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Antiochus Attacks Jerusalem(A)

11 When the news of what had happened in Jerusalem reached Antiochus, he thought the whole country of Judea was in revolt, and he became as furious as a wild animal. So he left Egypt and took Jerusalem by storm, 12 giving his men orders to cut down without mercy everyone they met and to slaughter anyone they found hiding in the houses. 13 They murdered everyone—men and women, boys and girls; even babies were butchered. 14 Three days later Jerusalem had lost 80,000 people: 40,000 killed in the attack and at least that many taken away to be sold as slaves.

15 But Antiochus was still not satisfied. He even dared to enter the holiest Temple in all the world, guided by Menelaus, who had become a traitor both to his religion and to his people. 16 With his filthy and unholy hands, Antiochus swept away the sacred objects of worship and the gifts which other kings had given to increase the glory and honor of the Temple. 17 He was so thrilled with his conquest that he did not realize that the Lord had let his holy Temple be defiled because the sin of the people of Jerusalem had made him angry for a while. 18 If the people of Jerusalem had not been involved in so many sins, Antiochus would have been punished immediately and prevented from taking such a foolish action. He would have suffered the same fate as Heliodorus, who was sent by King Seleucus to inspect the treasury. 19 But the Lord did not choose his people for the sake of his Temple; he established his Temple for the sake of his people. 20 So the Temple shared in the people's suffering but also later shared in their prosperity. The Lord abandoned it when he became angry, but restored it when his anger had cooled down.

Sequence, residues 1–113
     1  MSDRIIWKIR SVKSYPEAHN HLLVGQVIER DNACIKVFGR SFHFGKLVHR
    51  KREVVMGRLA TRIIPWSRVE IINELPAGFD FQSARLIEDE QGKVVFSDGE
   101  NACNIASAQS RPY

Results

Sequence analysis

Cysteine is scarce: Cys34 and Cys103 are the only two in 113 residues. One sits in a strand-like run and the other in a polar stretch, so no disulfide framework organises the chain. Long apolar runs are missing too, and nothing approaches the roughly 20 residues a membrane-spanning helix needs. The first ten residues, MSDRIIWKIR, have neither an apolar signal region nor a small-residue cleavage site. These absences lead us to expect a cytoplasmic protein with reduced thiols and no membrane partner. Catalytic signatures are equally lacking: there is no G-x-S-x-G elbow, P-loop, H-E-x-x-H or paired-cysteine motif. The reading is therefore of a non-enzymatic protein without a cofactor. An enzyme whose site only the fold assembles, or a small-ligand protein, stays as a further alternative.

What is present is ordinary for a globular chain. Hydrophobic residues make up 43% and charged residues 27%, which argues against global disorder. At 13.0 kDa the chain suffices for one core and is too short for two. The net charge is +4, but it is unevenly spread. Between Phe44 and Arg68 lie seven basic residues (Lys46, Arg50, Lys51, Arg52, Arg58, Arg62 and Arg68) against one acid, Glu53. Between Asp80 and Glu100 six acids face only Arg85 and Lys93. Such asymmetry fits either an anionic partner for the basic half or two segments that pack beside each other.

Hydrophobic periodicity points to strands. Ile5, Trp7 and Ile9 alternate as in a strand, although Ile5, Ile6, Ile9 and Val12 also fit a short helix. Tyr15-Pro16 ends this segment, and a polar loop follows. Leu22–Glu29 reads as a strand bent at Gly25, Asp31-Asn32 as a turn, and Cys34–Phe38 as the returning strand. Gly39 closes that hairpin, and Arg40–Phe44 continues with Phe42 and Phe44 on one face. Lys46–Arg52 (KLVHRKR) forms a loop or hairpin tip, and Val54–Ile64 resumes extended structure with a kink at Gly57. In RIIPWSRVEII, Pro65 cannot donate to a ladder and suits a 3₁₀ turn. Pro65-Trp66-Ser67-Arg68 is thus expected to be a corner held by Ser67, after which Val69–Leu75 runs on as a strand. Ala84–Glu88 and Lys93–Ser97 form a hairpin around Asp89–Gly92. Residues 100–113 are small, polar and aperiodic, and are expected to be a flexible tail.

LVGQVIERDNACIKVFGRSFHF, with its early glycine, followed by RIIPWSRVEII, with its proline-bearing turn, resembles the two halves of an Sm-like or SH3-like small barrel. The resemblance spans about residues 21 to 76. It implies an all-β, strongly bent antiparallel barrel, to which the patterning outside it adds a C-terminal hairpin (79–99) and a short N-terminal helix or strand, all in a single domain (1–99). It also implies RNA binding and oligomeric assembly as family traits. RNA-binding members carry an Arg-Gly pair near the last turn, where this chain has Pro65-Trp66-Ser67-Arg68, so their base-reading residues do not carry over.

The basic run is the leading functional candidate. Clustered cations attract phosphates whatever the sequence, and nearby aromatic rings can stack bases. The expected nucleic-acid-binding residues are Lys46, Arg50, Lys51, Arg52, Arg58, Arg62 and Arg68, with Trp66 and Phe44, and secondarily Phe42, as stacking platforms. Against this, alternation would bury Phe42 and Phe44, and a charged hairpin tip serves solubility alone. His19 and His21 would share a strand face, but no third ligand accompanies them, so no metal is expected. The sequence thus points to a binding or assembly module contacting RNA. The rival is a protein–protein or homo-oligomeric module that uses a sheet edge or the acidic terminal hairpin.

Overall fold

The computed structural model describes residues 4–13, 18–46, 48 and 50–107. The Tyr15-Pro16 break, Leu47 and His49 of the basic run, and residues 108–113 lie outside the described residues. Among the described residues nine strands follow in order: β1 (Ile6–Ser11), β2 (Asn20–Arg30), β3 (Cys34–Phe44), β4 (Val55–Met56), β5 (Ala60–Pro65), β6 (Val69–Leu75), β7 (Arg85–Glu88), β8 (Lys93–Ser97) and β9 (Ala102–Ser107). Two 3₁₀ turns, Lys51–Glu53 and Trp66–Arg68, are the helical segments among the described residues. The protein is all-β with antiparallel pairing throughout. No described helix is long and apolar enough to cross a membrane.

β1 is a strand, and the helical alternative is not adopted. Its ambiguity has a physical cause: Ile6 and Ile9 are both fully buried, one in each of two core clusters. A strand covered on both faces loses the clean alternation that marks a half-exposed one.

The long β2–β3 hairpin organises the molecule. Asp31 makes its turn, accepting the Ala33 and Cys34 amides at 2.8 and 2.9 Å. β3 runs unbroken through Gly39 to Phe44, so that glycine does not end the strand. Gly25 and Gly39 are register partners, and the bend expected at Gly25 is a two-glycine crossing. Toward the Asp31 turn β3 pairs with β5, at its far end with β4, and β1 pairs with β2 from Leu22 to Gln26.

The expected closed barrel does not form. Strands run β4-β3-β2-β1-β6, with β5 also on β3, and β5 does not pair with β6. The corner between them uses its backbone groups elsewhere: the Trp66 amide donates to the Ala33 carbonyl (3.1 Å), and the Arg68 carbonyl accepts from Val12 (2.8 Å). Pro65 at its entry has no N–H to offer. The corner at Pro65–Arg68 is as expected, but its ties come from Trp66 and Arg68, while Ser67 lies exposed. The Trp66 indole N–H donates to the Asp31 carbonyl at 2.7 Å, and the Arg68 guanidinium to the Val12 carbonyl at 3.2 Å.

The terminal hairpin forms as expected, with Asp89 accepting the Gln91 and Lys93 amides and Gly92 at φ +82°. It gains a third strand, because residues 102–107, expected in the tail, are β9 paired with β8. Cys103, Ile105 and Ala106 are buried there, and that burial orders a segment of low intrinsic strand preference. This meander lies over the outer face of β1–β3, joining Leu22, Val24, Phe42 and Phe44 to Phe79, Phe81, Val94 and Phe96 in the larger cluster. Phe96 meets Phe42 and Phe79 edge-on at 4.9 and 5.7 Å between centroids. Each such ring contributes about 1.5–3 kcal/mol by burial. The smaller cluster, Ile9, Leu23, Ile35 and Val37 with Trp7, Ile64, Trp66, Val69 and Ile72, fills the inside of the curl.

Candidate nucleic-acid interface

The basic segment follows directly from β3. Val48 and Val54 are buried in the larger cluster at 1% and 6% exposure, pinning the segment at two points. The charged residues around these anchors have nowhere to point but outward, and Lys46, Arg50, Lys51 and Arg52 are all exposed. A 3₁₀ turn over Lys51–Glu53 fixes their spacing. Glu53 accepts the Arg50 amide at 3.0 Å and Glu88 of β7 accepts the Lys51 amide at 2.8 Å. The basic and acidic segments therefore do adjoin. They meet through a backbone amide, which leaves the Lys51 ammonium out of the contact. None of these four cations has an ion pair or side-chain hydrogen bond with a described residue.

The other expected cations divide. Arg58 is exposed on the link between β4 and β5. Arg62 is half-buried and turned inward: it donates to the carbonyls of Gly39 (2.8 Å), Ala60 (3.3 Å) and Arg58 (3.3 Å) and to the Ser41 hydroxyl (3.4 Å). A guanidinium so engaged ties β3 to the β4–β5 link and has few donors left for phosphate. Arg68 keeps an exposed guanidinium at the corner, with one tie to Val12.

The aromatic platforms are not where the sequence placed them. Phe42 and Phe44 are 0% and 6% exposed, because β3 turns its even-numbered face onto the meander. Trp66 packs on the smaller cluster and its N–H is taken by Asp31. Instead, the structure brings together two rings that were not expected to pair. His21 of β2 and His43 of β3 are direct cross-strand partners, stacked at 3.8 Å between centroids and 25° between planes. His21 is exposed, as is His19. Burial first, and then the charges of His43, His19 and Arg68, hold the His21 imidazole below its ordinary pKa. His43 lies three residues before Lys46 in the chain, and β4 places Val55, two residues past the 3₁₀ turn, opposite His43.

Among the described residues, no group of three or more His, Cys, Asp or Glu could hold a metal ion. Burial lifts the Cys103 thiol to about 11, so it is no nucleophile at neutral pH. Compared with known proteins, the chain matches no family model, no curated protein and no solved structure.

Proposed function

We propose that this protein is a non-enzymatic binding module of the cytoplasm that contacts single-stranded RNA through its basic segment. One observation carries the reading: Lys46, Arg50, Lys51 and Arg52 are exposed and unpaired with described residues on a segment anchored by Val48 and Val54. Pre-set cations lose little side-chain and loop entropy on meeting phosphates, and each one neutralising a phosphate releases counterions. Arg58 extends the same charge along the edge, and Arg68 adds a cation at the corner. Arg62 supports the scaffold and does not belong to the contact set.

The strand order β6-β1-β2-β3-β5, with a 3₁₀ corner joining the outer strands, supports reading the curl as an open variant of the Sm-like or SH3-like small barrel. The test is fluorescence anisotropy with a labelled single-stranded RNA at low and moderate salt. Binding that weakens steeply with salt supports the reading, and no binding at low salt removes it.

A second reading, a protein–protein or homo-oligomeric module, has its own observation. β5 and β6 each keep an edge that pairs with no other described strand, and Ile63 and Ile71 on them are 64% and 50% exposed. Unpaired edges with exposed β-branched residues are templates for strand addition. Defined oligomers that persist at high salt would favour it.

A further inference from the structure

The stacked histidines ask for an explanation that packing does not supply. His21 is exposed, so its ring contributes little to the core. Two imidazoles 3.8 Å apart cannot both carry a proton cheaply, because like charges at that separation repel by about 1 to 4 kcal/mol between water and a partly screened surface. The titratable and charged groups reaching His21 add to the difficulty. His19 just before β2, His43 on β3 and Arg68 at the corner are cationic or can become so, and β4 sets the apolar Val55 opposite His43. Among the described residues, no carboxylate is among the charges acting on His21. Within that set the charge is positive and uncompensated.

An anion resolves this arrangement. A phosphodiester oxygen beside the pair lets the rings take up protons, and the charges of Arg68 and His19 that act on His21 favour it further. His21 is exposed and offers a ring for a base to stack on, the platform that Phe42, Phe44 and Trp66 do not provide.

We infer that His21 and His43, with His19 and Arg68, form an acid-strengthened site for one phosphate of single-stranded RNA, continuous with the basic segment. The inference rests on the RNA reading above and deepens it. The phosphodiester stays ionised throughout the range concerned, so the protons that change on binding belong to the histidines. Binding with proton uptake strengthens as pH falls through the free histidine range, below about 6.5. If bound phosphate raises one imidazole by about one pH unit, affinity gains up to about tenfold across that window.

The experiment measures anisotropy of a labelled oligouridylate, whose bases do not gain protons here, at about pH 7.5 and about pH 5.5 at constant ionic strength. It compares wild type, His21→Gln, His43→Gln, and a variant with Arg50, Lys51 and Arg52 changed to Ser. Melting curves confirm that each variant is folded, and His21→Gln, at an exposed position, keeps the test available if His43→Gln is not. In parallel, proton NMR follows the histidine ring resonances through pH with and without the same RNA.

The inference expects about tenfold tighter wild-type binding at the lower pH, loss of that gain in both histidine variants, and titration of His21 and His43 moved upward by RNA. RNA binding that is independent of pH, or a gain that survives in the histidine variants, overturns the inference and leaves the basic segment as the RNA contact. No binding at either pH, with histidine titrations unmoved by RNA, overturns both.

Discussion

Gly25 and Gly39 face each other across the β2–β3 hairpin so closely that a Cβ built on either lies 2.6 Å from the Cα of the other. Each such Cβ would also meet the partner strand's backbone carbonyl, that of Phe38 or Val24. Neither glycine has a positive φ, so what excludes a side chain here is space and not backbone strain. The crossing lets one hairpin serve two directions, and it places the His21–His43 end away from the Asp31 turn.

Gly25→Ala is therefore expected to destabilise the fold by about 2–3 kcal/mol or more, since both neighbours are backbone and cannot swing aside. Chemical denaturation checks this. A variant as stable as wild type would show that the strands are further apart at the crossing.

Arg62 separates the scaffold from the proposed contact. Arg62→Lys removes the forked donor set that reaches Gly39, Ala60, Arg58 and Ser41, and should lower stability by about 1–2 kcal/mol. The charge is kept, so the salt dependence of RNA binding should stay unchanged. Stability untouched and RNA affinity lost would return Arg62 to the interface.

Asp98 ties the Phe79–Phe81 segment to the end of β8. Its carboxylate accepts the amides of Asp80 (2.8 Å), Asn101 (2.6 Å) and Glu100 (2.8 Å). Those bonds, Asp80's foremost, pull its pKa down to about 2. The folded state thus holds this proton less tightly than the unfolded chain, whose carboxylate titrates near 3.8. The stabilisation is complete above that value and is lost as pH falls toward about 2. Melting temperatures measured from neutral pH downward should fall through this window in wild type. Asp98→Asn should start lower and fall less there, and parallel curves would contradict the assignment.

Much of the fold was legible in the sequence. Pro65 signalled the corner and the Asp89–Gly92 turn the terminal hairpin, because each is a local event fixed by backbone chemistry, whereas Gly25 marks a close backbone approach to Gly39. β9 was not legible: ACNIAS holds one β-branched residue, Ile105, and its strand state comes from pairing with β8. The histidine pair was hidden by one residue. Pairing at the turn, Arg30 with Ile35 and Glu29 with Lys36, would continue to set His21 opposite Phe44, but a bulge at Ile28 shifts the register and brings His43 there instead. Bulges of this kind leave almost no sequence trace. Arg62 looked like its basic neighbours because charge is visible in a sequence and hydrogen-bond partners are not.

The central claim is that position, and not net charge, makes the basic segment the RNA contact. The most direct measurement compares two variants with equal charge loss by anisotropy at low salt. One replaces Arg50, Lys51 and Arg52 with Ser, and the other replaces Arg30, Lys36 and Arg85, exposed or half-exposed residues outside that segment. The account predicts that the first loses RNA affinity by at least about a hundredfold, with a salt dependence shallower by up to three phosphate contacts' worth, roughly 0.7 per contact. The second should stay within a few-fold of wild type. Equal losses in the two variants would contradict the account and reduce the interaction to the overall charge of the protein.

Another Attack against Jerusalem

21 Antiochus took 135,000 pounds of silver from the Temple and hurried off to Antioch. Such was his arrogance that he felt he could make ships sail across dry land or troops march across the sea. 22 He appointed governors to cause trouble for the people. In Jerusalem he placed Philip, a man from Phrygia who was more evil than Antiochus himself.

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